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Top five headlines you're waking up to

  1. Rescuers have worked through the night to try and free people from rubble in central Italy after an earthquake hit at 3.36am on Wednesday. 150 people are still missing and 73 dead but the death toll is expected to rise. Witnesses described the scenes as 'apocalyptic' and it's believed that 2,500 people are expected to be homeless.

  2. Police are trying to identify the bodies of five men who died in the sea at Camber Sands, East Sussex yesterday, and a search is currently underway for another missing person. This is the second serious incident at Camber Sands in recent months and the
    Coastguard is warning holidaymakers to take extra care in sea.

  3. A group of MPs claims social media giants such as Google, Facebook and Twitter are failing to stop their sites being used to promote terrorism. The Commons Home Affairs Committee claims it has left some parts of the internet "ungoverned, unregulated and lawless". But the companies insist they take their responsibilities to tackle online extremism very seriously.

  4. One of the biggest police forces in the country has been accused of failing victims of crime. Greater Manchester Police is "inadequate" at recording offences according to Her Majesty's Inspectorate of Constabulary. It claims the force fails to record more than 38 thousand reported crimes ever year including violent offences.

  5. Hundreds of thousands of students receive their GCSE results today. GCSE pass-rates could be hit by students re-sitting English and maths for the first time. Girls are expected to maintain their dominance over boys.

Are you worried about your child's nursery school?

Last week nursery worker, Laura Houston was found guilty of assaulting three one-year-olds in her care.

Are you shocked by this case? We want to hear from you if you have experience of working in a nursery and have an opinion on this. Or perhaps you're a parent with a child attending nursery and have a story to tell.

Get in contact with us at gmbspecials@itv.com with your contact details and 'NURSERY' in the subject line.

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Meet the Great British bakers

It's that time of year where phrases like 'soggy bottom' and 'slack custard' become part of our every day vocabulary. That's right, make way for the return of The Great British Bake Off. With Mary Berry and Paul Hollywood driving the good ship Bake Off, the duo have created 30 new baking challenges guaranteed to make the amateur bakers sweat.

So who are the 12 bakers looking to take the title at this year's Bake Off.

Did Virgin trains breach Jeremy Corbyn’s privacy?

On the day that Jeremy Corbyn and his rival Owen Smith make major speeches, the story of Corbyn sitting on the floor of a Virgin Train continues to dominate headlines.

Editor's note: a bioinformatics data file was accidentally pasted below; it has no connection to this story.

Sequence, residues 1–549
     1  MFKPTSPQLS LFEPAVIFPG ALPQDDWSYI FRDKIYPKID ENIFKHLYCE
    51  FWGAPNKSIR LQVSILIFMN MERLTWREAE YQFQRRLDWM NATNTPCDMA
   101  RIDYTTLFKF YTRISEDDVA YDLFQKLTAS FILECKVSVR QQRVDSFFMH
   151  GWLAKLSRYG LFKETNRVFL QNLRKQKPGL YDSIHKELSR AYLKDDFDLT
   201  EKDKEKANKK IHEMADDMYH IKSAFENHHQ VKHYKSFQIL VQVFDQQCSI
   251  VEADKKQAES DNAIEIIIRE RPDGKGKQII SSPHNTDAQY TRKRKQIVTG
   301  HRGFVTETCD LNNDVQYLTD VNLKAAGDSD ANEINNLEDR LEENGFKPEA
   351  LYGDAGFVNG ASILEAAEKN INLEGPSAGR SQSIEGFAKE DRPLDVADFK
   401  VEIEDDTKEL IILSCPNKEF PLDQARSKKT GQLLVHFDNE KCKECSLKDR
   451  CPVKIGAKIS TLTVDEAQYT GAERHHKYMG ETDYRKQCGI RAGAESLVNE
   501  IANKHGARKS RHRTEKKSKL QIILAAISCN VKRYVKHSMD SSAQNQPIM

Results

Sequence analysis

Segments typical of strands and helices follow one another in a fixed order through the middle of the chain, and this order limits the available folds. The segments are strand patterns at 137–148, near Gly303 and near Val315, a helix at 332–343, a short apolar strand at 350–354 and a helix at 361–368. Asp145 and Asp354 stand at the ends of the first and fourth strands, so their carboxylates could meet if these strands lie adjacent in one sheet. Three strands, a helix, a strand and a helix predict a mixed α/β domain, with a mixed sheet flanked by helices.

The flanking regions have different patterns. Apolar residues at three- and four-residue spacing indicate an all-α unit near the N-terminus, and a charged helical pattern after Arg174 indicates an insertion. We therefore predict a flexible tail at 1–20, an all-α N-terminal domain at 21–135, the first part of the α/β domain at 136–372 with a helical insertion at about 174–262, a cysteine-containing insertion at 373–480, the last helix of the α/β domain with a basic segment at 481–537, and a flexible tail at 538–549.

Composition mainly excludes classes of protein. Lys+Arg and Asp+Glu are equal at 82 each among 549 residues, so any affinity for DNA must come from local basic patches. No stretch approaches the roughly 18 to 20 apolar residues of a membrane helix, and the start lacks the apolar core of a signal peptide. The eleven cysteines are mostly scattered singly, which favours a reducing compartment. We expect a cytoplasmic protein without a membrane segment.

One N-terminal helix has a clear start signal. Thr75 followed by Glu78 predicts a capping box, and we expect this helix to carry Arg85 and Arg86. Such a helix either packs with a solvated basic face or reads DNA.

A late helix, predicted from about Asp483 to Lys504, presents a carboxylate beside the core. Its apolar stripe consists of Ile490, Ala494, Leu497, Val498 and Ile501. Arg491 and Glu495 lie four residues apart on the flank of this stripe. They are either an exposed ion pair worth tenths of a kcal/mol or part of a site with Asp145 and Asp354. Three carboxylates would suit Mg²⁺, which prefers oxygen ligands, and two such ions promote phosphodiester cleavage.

Last week Jeremy Corbyn was filmed sitting on a train floor but Virgin Trains have now released footage that shows Corbyn passing empty seats. Passengers from the train, meanwhile, suggest that the train was full on departure when Corbyn shot the video, and it was only later when the train emptied that he was able to sit down.

His campaign team are now asking whether Virgin Trains breached data protection.

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The dangers of social media FOMO whilst driving

If you don't expect to get caught then however big the penalties are then you don't respond to them

– David Bizley

Social media and the fear of missing out could be putting road users at risk, experts are warning drivers. The dangers of 'FOMO' are very real. Aviva Survey reveals that 42% admit to using their phone while driving. 20 people die each year from car accidents involving the use of mobile phones.

'Clearly they do help people identify traffic hotspots and find alternatives routes but actually you can be really severely distracted using your phone to find out that information.' says David Bizley of the RAC.

The urgent call to ban Microbeads

Cosmetic companies should be banned from using plastic microbeads in bathroom products - like exfoliating scrubs, toothpaste and shaving gel - because of the marine pollution they are causing, the cross-party Environmental Audit Committee has demanded.

Thousands of tonnes wash into the sea every year, where they harm wildlife - a single shower can result in 100,000 plastic particles entering the ocean.

Campaigners say the sealife we eat including mussels, clams and oysters all filter the microbeads, meaning humans inevitably end up digesting them. A plate of six oysters can contain up to 50 particles of plastic.

In light of this, the Committee is calling for a national ban on microbeads by the end of 2017.